So why are you still able to buy Fortran compilers? Because the people who use the language tend to be engineers (the physical kind) and scientists, and thus spend a lot of money on high-end computers. No Fortran compiler, not fat contracts for your Starfire [sun.com] and Origin [sgi.com] boxes. Which is why Sun and SGI both sell Fortran. And whose the leading vendor of Fortran for the Itanium? Good guess [google.com].

    So is IBM trying to help Apple sell more Macs? Probably not. They'd make a little money from the extra CPU sales, but not enough to justify something like this. More likely they have this compiler to help them sell more high-performance PPC systems [ibm.com]. As long as they have it, not that much extra effort to port it to the Mac.

    • Re:Fortran Motives (Score:3, Interesting)

      by jabberjaw (683624)
      Yes indeed Fortran is still alive and kicking [rice.edu]. Although I have heard that some of the physics libraries are being converted to C/C++.
      As an aside, has anyone else noticed the lack of Fortran texts in brick & motor bookstores? I know Numerical Recepies in Fortran [nr.com] is online, anyone care to mention a good intro. text for a "n00b" like me?
      • Re:Fortran Motives (Score:3, Interesting)

        by fm6 (162816)
        I used to work with a guy who had just finished a Physics PhD. He hated Fortran, and had insisted on using C++ all through school. But he admitted to being the only person in his program who did so. Proof that programming languages are as about the community they serve as the technology they encompass.
      • Try "Classical Fortran, Programming for Engineering and Scientific Applications" by Michael Kupferschmid, ISBN=0824708024, around $70

        Its a well written book that assumes the reader knows nothing of fortran. He teaches Fortran at RPI [rpi.edu].

        • Nooooo!!!! Not Fortran 77! We need to be moving people AWAY from Fortran 77 and into the more modern Fortran 90/95. Awhile ago Slashdot, there was a piece about what was killing Fortran. Indeed, in my opinion, g77 is killing Fortran, due to the fact that the only free Fortran compiler is (was) based on Fortran 77. Please, everyone look at Fortran 95. Intel makes an awesome Fortran 77/90/95 compiler (ifc) which is free for non-commercial use under Linux. It is link-compatible with gcc. I have been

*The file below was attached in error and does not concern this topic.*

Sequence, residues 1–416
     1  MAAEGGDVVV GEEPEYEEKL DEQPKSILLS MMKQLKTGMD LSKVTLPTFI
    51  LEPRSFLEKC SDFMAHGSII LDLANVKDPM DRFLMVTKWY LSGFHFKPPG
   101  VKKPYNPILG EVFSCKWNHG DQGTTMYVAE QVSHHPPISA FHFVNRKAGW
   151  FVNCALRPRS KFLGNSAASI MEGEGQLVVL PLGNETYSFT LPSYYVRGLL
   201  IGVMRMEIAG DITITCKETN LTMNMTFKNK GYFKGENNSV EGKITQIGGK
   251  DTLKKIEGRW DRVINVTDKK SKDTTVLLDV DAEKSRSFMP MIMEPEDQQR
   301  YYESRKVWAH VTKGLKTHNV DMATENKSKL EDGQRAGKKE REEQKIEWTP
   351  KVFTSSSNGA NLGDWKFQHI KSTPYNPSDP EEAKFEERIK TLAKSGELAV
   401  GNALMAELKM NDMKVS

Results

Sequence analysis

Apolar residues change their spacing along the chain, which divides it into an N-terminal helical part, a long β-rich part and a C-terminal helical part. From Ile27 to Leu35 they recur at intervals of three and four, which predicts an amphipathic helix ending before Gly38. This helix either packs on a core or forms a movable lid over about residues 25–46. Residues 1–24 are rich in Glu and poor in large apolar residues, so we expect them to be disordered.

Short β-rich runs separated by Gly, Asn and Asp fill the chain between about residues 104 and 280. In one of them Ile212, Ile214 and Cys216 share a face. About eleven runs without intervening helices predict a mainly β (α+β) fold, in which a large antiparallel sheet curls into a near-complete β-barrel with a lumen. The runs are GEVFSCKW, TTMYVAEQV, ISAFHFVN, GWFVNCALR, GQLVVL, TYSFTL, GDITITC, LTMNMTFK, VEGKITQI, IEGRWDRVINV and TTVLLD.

• No lack of texts in Portland [powells.com]. These are all on the shelf at Powells Technical Books at like NW 8th(maybe 9th) and Burnside. Or you can buy them online too if you don't live in Stumptown....
    • Re:Fortran Motives (Score:1, Interesting)

      by Anonymous Coward
      Fortran is part of the SPEC benchmark, so every vendor will continue to produce Fortran compilers and write them off as marketing cost.
  • So has anyone got better pointers towards the state of their objective-c support? I know they say it is there as a technical preview with no guarantees until they finish, but does it basically work and is slow, or is it unable to compile even modestly complex stuff?
  • Big Blue might find it hard to compete with the free ADC tools, no matter the quality of their XLC.
    • I don't think IBM is trying to compete with the IDE. IBM made a somewhat superior compiler to gcc (what Apple currently uses to compile OSX and all their apps).
  • Does this symlink itself over GCC or does it add itself to gcc_select so you could do sudo gcc_select xl and get the new compiler. I know using variables that you can get Project Builder/XCode to use a different compier or send different flags. I think now there is a bit of compeletion in the PPC compiler, maybe GCC will get faster.
  • by Anonymous Coward
    Just to note (this is slashdot after all) - these compilers have also been released for Linux on PowerPC! And there, it supports both 32-bit and 64-bit ABIs. On OS X, you're limited to the 32-bit ABI.